The signal provided by the gate driver 122 to the transistor 118 is based on the operation of the voltage comparator 104, the leading edge blanking unit 106, and the PWM control logic 108. The voltage comparator 104 compares an output of the leading edge blanking unit 106 to a reference voltage VREF. An output of the voltage comparator 104 is provided to the PWM control logic 108, which includes two pulse generators 124-126 and three NOR gates 128-132. Each of the pulse generators 124-126 receives an input signal having approximately a 50% duty cycle. The pulse generators 124-126 generate signals having pulses with approximately the same switching period as the input signal. However, the pulses generated by the pulse generator 124 are shorter than the pulses generated by the pulse generator 126. The outputs of the voltage regulator 104 and the pulse generators 124-126 are received by the NOR gates 128-132. The NOR gate 132 produces an output signal that is provided to the gate driver 122 for use in controlling the transistor 118, where the output signal produced by the NOR gate 132 has a desired duty cycle.

The leading edge blanking unit 106 receives the voltage produced between the transistor 118 and the resistor 120. The leading edge blanking unit 106 removes a spike in that voltage at the beginning of each switching period to provide a smoother input to the voltage comparator 104. The spike could represent switching noise generated by switching the transistor 118.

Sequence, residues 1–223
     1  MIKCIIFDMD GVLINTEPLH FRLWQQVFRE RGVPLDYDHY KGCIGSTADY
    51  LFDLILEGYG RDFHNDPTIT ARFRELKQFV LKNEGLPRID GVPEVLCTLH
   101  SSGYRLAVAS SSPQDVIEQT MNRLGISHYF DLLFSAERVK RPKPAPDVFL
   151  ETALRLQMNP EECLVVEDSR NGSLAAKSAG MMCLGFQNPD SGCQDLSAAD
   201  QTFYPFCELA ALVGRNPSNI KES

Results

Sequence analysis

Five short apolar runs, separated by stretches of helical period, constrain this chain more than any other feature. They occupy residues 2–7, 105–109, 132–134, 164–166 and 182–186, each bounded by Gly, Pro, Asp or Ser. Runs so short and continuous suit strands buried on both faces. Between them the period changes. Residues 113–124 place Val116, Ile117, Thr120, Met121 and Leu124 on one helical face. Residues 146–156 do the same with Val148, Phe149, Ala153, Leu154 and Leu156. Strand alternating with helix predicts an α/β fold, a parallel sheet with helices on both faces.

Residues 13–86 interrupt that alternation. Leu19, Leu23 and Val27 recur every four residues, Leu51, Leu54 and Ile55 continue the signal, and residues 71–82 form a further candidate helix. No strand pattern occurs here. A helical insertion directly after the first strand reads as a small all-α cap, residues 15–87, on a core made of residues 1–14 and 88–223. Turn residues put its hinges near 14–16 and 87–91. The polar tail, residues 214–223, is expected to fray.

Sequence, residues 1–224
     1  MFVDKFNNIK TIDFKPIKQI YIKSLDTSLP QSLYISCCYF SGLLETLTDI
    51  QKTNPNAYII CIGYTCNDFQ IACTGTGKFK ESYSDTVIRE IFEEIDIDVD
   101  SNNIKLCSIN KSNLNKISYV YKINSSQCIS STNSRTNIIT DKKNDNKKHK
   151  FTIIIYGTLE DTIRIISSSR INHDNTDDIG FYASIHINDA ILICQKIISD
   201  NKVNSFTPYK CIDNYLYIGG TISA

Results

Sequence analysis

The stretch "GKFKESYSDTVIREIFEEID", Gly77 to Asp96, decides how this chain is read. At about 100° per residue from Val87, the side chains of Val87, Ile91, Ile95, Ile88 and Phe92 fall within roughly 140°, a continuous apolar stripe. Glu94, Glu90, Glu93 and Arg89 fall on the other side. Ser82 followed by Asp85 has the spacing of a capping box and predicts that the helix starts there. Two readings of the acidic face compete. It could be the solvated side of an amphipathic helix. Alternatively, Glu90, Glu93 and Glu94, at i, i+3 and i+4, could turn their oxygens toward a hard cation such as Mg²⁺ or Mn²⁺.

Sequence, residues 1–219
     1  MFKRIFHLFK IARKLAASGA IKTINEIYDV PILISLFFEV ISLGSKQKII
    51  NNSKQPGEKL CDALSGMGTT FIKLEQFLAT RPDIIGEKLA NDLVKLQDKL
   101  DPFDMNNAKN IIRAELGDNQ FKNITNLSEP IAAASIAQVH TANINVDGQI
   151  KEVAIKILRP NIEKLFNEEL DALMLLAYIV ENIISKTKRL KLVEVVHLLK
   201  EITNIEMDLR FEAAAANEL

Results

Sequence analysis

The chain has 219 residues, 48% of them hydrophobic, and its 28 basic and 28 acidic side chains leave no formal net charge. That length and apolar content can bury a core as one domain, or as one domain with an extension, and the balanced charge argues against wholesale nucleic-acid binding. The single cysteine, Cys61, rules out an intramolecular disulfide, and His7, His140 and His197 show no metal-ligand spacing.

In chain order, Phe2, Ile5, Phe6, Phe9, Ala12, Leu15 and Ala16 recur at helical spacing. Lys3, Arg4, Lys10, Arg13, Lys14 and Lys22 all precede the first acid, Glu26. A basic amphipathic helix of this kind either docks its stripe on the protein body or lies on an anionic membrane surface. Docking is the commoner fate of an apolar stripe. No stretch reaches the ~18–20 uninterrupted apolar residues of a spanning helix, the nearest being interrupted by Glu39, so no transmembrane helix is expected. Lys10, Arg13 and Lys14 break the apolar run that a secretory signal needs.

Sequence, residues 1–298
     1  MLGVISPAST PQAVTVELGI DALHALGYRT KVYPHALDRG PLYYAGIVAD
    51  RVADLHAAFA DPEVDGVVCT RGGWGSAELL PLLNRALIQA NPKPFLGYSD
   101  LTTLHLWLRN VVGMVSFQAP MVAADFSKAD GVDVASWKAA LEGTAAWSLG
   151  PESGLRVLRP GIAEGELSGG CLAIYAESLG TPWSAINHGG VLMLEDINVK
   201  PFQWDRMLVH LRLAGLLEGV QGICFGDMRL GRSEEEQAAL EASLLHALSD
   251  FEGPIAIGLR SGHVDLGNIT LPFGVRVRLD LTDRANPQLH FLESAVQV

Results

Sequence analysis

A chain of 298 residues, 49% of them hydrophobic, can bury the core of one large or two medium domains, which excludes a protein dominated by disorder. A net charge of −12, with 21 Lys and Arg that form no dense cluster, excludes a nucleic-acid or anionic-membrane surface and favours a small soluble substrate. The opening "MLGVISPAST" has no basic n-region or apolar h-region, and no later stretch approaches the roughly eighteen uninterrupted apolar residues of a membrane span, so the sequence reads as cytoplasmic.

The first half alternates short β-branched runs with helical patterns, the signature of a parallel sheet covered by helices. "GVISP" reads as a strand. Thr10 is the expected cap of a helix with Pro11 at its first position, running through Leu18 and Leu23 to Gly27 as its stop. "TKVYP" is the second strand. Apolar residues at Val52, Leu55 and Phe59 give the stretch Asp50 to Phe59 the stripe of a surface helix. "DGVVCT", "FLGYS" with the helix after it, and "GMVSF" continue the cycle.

In this conventional circuit 100, no information regarding the current through the inductor 116 is available when the transistor 118 is switched off. As a result, a sensed voltage SEN (the voltage across the resistor 120) is not related to the average current through the inductor 116. A peak-current regulator (formed from components 104-108) turns the transistor 118 off when the sensed voltage SEN is above the reference voltage VREF. However, this is very different from regulating the average current through the LEDs 110.

Another convention approach is shown in FIG. 2, where a circuit 200 modulates a reference voltage VREF used to regulate the LEDs 110. The circuit 200 includes the floating buck converter 102, voltage comparator 104, and PWM control logic 108 described above. The circuit 200 also includes an operational transconductance amplifier 202, transistors 204-210, a voltage source 212, resistors 214-218, capacitors 220-224, and an inverter 226. The gate of the transistor 204 is coupled to an input of the inverter 226, the gate of the transistor 208, and the output of the gate driver 122. The transistor 204 is also coupled between the transistor 118 and the resistor 120. The gate of the transistor 206 is coupled to the output of the inverter 226.

In this circuit 200, the signal generated between the transistors 208-210 is generally a square wave with a maximum voltage of VREF. The signal generated between the transistors 204-206 has peaks that are greater than the voltage VREF. The transistors 204-206, resistor 214, and capacitor 220 produce a signal supplied to one input of the operational transconductance amplifier 202. The transistors 208-210, voltage source 212, resistor 216, capacitor 222, and inverter 226 produce a signal supplied to another input of the operational transconductance amplifier 202. Both inputs to the operational transconductance amplifier 202 are generally triangular waves. The output of the operational transconductance amplifier 202 is supplied to the resistor 218 and capacitor 224, as well as to the voltage comparator 104. The other input to the voltage comparator 104 is a sawtooth voltage signal having approximately the same switching period as the signals in the PWM control logic 108.